As the mammalian WNT5A protein acting through the ROR receptor has been shown to inhibit canonical Wnt signaling(Mikels and Nusse, 2006), we evaluated whether or not WNT5 interaction with DRL might similarly block canonical signaling. Coexpression of WG, WNT5 and DRL resulted in luciferase expression levels similar to those seen with WG alone(Fig. 7), suggesting that Wnt5/drl-mediated interactions do not apparently inhibit contemporaneous canonical Wnt signaling.

DISCUSSION

The genetic data presented in this report indicate that the Drosophila SRC64B and SRC42A SFKs play redundant roles in establishing the embryonic CNS commissures. Furthermore, we present evidence that SRC64B, and possibly SRC42A, act in commissure formation, at least in part as members of the WNT5/DRL signaling pathway. First, animals homozygous for a null allele of one of the SFKs and heterozygous for a null allele of the other display commissural phenotypes similar to those seen in Wnt5and drl mutants, including poorly separated commissures and longitudinal breaks. These phenotypes are even more severe in animals completely deficient for the SFKs; their commissures are fused and the longitudinal axon tracts are largely absent. SFK double-null phenotypes are significantly more severe than those of Wnt5 or drl mutants,suggesting that a complete lack of the SFKs might affect other pathways involved in commissure formation as well. Indeed, the midline and lateral glia, although appearing wild-type in most SFK mutant combinations [as in the Wnt5 mutant (Fradkin et al.,2004); data not shown], are mislocalized in the double-null SFK animals.

Second, we observe that wild-type levels of Src64B are required for a dominant gain-of-function phenotype of Wnt5; heterozygosity for a Src64B-null mutant resulted in a dramatic reduction in the loss of the AC caused by midline glial overexpression of Wnt5. Similar levels of suppression are observed in embryos heterozygous for drl or porc, established members of the Wnt5/drl signaling pathway. The other Drosophila SFK, SRC42A, which is also expressed in the embryonic CNS (Takahashi et al.,2005), plays partially redundant roles to those of SRC64B in other tissues (Takahashi et al.,2005; Tateno et al.,2000; Harris and Beckendorf,2007). Heterozygosity for Src42A did not suppress the Wnt5 midline glial expression phenotype, possibly because SRC42A is not limiting under these conditions.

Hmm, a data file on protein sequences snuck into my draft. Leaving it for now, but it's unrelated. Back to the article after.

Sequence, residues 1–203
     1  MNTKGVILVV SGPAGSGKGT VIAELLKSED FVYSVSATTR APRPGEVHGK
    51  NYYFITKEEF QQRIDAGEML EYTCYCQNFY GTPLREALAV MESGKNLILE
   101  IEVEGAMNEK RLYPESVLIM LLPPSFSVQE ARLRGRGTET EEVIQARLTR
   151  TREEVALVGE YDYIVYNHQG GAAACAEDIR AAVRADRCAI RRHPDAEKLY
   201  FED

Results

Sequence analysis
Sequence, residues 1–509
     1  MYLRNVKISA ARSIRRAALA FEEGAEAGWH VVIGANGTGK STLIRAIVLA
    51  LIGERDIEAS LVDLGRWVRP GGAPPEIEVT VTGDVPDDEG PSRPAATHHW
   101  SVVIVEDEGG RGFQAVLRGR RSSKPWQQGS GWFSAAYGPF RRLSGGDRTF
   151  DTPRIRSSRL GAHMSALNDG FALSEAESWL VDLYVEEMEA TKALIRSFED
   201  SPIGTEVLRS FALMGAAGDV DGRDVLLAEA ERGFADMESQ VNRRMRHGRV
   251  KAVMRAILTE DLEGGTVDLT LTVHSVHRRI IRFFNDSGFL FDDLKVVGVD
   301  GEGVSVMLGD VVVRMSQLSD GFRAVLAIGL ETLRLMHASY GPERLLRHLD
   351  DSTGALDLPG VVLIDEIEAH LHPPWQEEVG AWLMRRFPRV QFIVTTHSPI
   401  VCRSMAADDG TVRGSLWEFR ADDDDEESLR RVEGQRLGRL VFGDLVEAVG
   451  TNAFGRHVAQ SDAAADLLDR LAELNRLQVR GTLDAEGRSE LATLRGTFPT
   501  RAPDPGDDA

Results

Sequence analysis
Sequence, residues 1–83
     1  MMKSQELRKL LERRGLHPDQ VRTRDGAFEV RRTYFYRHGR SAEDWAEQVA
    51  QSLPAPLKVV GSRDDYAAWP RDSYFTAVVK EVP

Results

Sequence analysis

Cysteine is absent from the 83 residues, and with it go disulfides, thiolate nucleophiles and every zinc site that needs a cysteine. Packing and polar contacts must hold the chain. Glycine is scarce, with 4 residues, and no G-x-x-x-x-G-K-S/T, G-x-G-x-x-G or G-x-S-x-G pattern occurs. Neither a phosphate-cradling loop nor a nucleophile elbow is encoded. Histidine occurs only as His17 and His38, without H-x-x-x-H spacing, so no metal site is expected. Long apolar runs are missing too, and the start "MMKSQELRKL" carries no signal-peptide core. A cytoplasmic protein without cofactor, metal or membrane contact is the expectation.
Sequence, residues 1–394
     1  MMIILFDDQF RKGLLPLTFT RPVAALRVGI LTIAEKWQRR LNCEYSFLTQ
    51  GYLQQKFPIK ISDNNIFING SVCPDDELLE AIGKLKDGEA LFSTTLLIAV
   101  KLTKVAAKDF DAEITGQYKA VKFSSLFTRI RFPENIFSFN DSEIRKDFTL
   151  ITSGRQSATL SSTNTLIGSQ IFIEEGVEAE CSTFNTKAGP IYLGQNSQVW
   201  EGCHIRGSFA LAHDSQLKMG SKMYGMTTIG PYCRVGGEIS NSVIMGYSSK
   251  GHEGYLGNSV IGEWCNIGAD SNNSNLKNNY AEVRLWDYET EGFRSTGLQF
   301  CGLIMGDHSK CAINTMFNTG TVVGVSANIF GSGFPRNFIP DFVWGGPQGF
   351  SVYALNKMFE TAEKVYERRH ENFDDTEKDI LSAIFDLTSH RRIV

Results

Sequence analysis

Fig. 6.

DRL is tyrosine phosphorylated in a SRC64B-dependent manner and DRL coexpression activates SRC64B. (A) DRL and SRC64B co-transfected cell lysates contain a predominant protein species with increased tyrosine phosphorylation (asterisk). Drosophila S2 cells were transfected with the indicated plasmids and WCEs analyzed by immunoblotting with an anti-phosphotyrosine mAb. (B) DRL is phosphorylated in a SRC64B-dependent manner. Lysates of S2 cells transiently transfected with the indicated constructs were immunoprecipitated with anti-DRL antiserum,complexes washed, disrupted by boiling and DRL reprecipitated with anti-HA antiserum and analyzed by anti-phosphotyrosine immunoblotting. V, vector alone. (C) Coexpression of DRL and SRC64B results in a WIF and cytoplasmic domain-dependent activation of SRC64B. S2 cells were transfected as follows: lane 1, SRC64B[WT] only; lane 2, DRL[WT] + SRC64B[WT]; lane 3,DRL[ΔCyto] + SRC64B[WT]; lane 4, DRL[ΔWIF] + SRC64B[WT]; lane 5,DRL[WT] + SRC64B[KD]; lane 6, DRL[ΔTBC] + SRC64B[WT]; and lane 7,DRL[ΔPDZ] + SRC64B[WT]. WCEs were immunoblotted to detect active SRC64B(anti-PY434SRC64B), pan-SRC64B (anti-MYC) and DRL (anti-HA). All transfections contained SRC64B-MYC except lane 5. Quantitation of a similar experiment performed in triplicate is shown in Fig. S5 in the supplementary material.(D) DRL-associated SRC64B is, at least in part, catalytically active. Lysates from cells transfected as indicated were immunoprecipitated with anti-DRL and analyzed by anti-PY434SRC64B immunoblotting. Control anti-MYC(SRC64B) and anti-HA (DRL) blots are shown.